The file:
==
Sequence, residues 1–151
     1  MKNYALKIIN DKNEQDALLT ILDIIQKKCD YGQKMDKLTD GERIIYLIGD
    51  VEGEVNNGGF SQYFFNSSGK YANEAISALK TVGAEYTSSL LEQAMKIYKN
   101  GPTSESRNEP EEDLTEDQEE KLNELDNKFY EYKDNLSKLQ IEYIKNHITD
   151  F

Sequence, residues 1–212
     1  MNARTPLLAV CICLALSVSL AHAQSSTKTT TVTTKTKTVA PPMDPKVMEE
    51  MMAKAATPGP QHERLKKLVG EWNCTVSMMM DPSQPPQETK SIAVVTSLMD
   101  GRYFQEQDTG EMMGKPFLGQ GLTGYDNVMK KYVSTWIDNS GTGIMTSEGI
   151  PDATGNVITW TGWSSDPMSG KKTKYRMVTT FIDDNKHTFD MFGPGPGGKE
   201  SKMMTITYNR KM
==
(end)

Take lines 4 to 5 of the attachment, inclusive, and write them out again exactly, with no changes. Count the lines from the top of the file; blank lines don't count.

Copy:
   101  GPTSESRNEP EEDLTEDQEE KLNELDNKFY EYKDNLSKLQ IEYIKNHITD
   151  F